A recent DNA repair discovery could potentially lead to the creation of drugs that can reverse aging, fight cancer, and help assist in eliminating the effects radiation exposure. While it has long been known that DNA repair is essential for cell vitality, cell survival, and cancer prevention, the decline in cells’ ability to repair damaged DNA with age has not been fully understood.
A team of scientists at Harvard Medical School has identified a critical step in assessing how cells repair damaged DNA. Published in the journal Science, the international team’s study pinpointed a vitamin called NAD+, which regulated the interactions that control DNA repair. When mice were given an NAD+ booster called NMN, experiments indicated that their cells were more effective in repairing DNA damage caused by aging, and radiation exposure. The mice’s DNA repair activities markedly shifted to ‘youthful levels,’ and further trials demonstrated that they were more resistant to radiation; therefore, they were more protected against cancer and aging itself.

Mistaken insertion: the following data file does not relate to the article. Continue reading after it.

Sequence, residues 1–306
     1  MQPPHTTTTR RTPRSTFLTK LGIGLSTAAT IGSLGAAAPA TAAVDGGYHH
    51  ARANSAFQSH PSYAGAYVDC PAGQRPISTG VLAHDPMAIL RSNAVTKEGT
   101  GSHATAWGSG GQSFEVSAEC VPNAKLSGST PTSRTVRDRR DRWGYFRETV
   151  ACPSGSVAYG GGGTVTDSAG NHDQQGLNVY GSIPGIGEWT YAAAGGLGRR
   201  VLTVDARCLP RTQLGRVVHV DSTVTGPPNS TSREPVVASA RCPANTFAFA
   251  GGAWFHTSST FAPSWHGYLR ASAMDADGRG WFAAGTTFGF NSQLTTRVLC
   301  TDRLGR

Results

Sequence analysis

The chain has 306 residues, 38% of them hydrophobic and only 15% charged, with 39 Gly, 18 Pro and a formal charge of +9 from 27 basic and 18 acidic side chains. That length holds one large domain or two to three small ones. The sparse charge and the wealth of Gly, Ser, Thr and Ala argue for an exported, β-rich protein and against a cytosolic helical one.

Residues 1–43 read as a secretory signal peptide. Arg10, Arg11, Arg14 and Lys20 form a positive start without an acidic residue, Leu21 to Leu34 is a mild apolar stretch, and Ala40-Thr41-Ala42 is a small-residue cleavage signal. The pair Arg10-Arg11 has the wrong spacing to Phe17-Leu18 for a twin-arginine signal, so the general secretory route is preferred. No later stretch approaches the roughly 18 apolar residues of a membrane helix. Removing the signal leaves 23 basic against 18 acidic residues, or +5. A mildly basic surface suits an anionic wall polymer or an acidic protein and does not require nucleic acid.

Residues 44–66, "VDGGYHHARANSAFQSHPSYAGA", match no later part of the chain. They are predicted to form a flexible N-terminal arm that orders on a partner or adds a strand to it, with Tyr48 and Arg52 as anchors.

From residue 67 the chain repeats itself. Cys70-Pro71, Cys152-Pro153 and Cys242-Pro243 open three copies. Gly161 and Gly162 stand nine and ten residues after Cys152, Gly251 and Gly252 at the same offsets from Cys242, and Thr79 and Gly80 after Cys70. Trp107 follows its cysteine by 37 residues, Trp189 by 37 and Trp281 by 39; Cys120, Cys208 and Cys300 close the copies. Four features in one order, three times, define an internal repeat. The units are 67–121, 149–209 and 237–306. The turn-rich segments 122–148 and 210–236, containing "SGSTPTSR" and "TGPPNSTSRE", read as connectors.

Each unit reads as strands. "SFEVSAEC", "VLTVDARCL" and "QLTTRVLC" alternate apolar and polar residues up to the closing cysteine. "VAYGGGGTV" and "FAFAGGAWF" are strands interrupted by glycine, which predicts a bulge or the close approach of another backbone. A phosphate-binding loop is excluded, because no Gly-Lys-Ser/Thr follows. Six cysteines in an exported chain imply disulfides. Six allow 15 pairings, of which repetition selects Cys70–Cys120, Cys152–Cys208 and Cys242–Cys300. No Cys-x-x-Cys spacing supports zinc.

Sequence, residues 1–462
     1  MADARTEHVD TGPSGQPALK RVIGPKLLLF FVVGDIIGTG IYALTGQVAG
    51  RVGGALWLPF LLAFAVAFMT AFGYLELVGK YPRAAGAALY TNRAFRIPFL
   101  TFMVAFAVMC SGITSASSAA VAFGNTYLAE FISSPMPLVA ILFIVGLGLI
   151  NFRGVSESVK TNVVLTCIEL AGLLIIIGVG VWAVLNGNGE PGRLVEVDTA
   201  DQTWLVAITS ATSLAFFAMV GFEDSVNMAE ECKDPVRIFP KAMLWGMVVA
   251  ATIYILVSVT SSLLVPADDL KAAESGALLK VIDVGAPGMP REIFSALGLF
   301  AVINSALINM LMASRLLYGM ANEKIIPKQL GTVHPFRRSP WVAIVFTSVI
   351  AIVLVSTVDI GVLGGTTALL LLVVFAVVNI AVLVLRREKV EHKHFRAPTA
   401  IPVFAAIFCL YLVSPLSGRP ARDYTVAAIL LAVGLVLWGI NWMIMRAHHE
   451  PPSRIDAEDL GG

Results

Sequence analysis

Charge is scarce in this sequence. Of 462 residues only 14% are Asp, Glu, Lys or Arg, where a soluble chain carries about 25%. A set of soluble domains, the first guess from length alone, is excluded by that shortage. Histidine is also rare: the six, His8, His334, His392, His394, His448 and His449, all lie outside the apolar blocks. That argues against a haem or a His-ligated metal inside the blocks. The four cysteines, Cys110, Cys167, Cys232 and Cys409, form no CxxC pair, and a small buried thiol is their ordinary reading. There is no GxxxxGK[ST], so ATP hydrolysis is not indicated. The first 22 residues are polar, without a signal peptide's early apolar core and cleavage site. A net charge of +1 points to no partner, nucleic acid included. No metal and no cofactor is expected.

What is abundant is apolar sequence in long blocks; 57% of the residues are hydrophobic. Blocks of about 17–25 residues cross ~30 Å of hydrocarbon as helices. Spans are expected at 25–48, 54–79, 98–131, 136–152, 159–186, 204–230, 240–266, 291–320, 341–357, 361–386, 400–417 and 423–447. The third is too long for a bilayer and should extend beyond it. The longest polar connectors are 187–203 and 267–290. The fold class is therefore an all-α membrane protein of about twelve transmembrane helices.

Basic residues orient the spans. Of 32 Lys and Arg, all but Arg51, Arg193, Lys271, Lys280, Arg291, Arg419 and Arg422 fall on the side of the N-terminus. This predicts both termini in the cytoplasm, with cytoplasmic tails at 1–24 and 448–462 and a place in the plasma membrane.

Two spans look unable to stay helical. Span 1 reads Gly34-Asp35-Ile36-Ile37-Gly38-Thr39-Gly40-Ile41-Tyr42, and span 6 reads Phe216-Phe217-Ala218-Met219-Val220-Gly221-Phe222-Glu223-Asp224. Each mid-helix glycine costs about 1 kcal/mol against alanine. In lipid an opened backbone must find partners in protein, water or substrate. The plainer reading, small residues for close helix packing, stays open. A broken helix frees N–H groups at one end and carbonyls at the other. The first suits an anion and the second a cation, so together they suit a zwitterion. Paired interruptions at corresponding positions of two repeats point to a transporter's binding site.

Human trials of NMN therapy will begin in Boston, in the next six months. One of the lead professors on the team from Harvard discussed the potential for evaluating how people walk, their strength, and ultimately transitioning the molecule to a substance on the drug market, in order to treat diseases like cancer, Alzheimer’s, and diabetes. The results further shed light on a possible therapy to avert the unwanted side effects of environmental radiation, by restoring NAD levels by NMN treatment—in addition to radiation exposure from cancer treatments.